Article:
Do you know that expression “I used to be a perfect parent, then I had kids?” I think that perfectly describes how sure I was that my children would not play with weapons. After all, what better way to keep children safe than to simply ban all toy weapons and weapon play?
Until I had a child who was interested in weapons and I realized it wouldn’t be that easy.
I also started to question whether playing with toy guns was as dangerous as I’d thought it would be. I used many Listening Partnerships to talk about how scared I was of my son getting hurt by a real gun, and to help shed my own feelings about a scary experience I'd had around a gun during my own childhood.
Over time, we built quite a collection of Nerf guns at our house, and had many laughter-filled Nerf gun fights as a family. Sometimes, our son and his friends would play as a team against one or two adults. We were given the smallest guns! We were the sitting ducks, the ones who got shot in the butt, and the ones who always missed and who ran out of darts.
You can read more about why letting your child to help empower them in Playlistening: Play that Lets Children Lead
It began to seem more clear to me that the gun play was about power, not violence.
The kids had an easy time with the rule we decided of to always aim below the neck, and sometimes we would have conversations about what to do when we could see on someone’s face that they were not enjoying the play.
My fears that my son wouldn’t be able to separate the dangers of real guns from the fun of gun play soon faded.
And then, when he was in second grade, my son found a gun on the edge of his school playground. Did he pick it up? No. Instead, he went immediately to find an adult to help.
Meanwhile, our family Nerf fights continued for many years.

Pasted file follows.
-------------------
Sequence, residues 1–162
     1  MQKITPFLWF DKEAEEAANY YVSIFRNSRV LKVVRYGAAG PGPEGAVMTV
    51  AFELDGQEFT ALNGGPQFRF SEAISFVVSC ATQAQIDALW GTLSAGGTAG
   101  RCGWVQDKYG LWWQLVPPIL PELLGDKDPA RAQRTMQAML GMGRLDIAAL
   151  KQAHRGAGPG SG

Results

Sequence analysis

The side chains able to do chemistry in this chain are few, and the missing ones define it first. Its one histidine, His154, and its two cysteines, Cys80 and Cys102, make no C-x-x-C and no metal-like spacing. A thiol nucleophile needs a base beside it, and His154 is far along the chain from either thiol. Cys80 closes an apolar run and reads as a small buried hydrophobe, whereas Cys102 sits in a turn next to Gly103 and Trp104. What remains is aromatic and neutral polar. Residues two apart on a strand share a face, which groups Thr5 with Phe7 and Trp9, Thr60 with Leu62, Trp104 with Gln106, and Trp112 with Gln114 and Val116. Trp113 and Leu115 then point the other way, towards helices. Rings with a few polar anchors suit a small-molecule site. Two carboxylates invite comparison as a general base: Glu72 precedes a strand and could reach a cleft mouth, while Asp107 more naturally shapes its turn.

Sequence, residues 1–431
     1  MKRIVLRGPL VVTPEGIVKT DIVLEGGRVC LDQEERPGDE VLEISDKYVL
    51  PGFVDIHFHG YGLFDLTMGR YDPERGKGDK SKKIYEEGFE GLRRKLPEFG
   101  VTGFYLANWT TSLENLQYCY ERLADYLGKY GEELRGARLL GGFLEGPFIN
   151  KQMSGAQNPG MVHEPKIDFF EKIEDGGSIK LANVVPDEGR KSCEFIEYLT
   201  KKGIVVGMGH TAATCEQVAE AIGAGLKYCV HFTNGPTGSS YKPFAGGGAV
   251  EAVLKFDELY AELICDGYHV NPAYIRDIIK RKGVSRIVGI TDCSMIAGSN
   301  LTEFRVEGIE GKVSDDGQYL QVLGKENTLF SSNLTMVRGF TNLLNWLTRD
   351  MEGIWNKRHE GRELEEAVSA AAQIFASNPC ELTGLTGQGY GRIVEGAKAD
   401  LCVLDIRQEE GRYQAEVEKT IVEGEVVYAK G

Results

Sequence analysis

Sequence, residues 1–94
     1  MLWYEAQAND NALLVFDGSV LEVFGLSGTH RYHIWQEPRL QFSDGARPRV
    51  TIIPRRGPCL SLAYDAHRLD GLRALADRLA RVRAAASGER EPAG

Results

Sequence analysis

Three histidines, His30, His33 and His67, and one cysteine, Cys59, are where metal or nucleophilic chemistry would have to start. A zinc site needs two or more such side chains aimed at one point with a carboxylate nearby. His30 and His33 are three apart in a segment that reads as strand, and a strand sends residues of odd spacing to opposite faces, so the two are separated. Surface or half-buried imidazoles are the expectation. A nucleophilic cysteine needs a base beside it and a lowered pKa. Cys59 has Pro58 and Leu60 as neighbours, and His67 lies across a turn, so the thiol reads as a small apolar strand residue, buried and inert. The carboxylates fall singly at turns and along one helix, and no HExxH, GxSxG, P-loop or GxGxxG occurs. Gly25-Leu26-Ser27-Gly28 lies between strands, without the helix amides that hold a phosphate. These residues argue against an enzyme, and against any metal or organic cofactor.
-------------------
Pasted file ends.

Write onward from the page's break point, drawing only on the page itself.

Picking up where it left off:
What are your thoughts on gun play? Do you have a hard time when your child is interested in violent play? How do you deal with it?
Did you know play can help children work through their fears? Read Why My Child Asked to Play Doctor's Office After She Got Scared
Hand in Hand's connected parenting tools can help you get to the root of all your parenting challenges. Get to know the tools in this free guide 5 Revolutionary Ideas That Make Parenting Less Stressful
Does parenting feel hard right now? Join Catherine Fischer for a free live call-in Why Is Parenting Harder So Much Harder Than I Expected? with fellow instructor Ravid Aiseman and get workable tips and strategies to help. Register for the call of replay here.
meet the instructor
Catherine Fischer lives in Ann Arbor, Michigan, with her son and is a certified Hand in Hand instructor, doula and former elementary teacher. In her parenting classes and consultations Catherine offers empathy and a sense of humor alongside the concrete strategies of the Hand in Hand Parenting approach, which she has been using for 20 years. You can connect with Catherine at www.SupportForGrowingFamilies.com